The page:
You’re going to see the words “wholesome” and “heart-warming” attached to Rob Reiner’s Flipped, and that should be enough to tell you whether or not this movie is for you. Something called the Heartland Film Festival has anointed Flipped with the presumably coveted title of “Truly Moving Picture.” I was certainly moved, as I shifted in my seat in an attempt to fight off the movie’s butt-numbing effects.
Don’t be mistaken, however. I don’t dislike this film because of its whitewashed, feel-good view of the world. This alone isn’t enough to make a movie bad—though the film’s tooth-achingly saccharine nature makes it horribly dull. What makes Flipped awful is the blatant laziness on display.
Based on the preteen novel by Wendelin Van Draanen, Reiner and co-writer Andrew Scheinman (who penned the Reiner flop North (1994)) have written an adaptation with zero tact or imagination. Instead of adapting, they’ve transcribed, since we get not one, but two narrators describing events throughout the film. And when I say there’s narration, I don’t mean here and there to fill in the story. No, what we get is incessant chatting throughout the entire movie, to the point that there’s more narration than dialogue. It’s one part apathetic screenwriting, one part distrust of the audience, with a bit of The Wonder Years thrown in.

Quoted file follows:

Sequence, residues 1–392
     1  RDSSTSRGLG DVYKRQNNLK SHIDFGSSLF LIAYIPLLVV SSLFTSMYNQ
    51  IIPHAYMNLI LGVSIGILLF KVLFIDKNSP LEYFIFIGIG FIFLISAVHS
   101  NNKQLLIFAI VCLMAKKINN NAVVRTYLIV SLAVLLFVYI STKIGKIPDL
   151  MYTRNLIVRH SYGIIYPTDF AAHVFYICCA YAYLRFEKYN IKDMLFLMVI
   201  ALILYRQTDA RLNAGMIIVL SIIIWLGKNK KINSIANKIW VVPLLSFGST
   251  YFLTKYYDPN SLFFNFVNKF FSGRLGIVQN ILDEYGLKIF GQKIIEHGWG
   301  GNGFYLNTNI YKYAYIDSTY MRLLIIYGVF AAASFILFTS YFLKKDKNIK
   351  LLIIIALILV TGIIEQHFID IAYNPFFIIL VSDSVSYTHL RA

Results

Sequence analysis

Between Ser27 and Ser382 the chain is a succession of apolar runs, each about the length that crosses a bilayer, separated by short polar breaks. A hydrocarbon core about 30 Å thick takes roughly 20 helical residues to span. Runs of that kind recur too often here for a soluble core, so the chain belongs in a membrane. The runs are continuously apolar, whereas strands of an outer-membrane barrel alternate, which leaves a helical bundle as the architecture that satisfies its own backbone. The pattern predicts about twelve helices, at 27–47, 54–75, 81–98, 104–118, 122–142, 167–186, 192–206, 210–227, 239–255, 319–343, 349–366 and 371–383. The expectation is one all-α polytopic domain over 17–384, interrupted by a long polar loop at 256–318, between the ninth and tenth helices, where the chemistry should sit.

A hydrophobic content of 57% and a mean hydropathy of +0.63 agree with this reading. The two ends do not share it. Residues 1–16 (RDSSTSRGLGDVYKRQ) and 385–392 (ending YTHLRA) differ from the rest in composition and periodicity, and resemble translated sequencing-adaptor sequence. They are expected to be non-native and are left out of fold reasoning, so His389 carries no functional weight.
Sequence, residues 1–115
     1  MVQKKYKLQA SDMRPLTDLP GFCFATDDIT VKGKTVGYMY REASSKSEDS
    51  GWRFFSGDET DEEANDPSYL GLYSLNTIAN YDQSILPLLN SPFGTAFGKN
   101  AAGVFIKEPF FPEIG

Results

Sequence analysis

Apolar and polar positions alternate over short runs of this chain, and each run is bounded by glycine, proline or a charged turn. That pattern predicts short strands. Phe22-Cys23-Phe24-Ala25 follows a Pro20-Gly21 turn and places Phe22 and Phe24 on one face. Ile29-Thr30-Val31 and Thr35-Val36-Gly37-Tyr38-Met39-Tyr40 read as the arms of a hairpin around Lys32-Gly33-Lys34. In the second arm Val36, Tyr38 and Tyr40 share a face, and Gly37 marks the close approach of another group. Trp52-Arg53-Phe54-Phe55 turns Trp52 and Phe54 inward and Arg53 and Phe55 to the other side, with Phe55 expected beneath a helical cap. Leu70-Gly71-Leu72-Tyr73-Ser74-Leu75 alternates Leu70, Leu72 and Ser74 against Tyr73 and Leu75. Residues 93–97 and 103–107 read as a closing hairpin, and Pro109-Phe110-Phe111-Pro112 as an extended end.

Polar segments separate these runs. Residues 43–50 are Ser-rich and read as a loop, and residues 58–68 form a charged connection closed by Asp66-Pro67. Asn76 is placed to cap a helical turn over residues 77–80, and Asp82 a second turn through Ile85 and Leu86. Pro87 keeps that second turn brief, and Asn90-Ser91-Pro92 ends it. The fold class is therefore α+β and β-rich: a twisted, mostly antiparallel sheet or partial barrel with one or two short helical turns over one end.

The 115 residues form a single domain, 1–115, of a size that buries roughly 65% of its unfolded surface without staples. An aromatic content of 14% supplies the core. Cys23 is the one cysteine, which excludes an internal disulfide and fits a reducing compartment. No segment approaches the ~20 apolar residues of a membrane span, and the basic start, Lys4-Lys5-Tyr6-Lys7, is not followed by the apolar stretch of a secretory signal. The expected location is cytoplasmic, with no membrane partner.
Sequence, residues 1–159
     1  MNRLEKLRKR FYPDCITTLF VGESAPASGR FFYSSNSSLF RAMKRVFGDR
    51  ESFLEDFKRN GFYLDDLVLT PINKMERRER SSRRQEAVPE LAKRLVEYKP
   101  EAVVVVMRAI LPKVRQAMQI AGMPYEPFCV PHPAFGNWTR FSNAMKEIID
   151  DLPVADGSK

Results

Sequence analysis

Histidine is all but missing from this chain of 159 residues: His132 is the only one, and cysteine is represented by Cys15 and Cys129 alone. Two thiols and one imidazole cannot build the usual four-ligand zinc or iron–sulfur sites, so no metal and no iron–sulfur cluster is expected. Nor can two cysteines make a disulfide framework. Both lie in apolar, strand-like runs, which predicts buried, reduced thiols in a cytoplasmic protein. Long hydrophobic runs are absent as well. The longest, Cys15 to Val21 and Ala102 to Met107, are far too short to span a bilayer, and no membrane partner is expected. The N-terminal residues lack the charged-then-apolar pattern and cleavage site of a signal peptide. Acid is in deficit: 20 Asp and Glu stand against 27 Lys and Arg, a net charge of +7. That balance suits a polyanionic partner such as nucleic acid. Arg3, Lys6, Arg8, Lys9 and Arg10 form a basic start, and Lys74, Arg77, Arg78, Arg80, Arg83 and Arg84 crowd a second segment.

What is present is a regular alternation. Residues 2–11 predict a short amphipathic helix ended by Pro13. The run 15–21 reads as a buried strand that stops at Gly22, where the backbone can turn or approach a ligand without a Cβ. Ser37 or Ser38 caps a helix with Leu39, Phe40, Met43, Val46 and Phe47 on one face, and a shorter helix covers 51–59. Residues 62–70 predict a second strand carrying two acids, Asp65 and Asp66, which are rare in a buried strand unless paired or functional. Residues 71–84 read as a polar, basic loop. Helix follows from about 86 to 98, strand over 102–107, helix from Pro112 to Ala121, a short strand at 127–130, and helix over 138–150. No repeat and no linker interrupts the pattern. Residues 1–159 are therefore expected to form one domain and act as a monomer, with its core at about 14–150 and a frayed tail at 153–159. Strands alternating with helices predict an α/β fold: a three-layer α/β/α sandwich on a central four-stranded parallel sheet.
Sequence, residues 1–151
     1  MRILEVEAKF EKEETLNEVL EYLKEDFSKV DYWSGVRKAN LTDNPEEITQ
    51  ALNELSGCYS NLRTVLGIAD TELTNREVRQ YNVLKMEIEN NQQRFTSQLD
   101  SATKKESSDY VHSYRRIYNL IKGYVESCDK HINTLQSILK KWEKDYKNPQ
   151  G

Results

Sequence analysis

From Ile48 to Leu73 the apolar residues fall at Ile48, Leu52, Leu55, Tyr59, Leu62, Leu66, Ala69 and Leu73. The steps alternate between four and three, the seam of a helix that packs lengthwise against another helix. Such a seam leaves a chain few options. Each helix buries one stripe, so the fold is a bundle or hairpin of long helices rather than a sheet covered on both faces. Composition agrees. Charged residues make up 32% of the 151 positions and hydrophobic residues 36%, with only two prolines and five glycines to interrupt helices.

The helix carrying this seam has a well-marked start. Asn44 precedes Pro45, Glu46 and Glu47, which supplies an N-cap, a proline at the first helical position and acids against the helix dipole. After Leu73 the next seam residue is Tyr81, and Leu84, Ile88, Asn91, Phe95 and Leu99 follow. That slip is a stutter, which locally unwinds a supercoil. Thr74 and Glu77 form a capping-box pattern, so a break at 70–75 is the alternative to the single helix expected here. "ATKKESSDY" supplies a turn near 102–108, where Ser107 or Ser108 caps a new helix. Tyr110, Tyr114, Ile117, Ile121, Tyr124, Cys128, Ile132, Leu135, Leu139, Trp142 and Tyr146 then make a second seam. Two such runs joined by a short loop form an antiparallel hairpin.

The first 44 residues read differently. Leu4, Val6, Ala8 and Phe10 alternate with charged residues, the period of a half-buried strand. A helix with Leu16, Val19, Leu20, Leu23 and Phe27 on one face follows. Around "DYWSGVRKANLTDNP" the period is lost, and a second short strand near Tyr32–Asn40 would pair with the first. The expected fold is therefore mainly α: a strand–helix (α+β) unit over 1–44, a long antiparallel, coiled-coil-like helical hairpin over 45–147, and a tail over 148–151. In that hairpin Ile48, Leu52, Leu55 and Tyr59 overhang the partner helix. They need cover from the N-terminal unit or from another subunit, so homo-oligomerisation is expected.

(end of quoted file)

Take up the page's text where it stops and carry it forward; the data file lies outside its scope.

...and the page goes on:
The film is a nostalgic view of the early ‘60s, revolving around junior-high boy Bryce (Callan McAuliffe) and his varied romantic entanglements with the girl across the street, Juli (Madeline Carroll, The Spy Next Door). It’s basic coming-of-age stuff that’s unfortunately none too interesting (there’s a 15-minute section about nothing but eggs)—told from the back-and-forth perspectives of both kids and slathered in treacly mass-market prose.
For the most part, the movie is trite in its depiction of the good ol’ days, with a nostalgic look that feels phony and contrived and occasionally tailspins into melodrama. The subplot of Bryce’s father (Anthony Edwards)—a bitter, closed-minded man who spirals downward into rage and anger—goes nowhere. After a narrated side note, he’s completely dismissed from the film. This is just bad storytelling, but it’s not as bad as the clichéd and offensive “full retard” minstrel-show performance by Kevin Weisman (Clerks II), who way overplays his mentally challenged character.
The ‘80s heyday of Reiner is long gone, but even this movie is a step down from the overbearing schmaltz of his last film, The Bucket List (2007). The movie has been floundering in limited release for more than a month and only now has been granted a semi-wide release; this would be career-killing stuff for someone with less of a name than the once and former Meathead. On paper, Flipped is harmless family entertainment. In practice, however, it’s so simplistic and unimaginative that it’s almost offensive. Rated PG for language and some thematic material.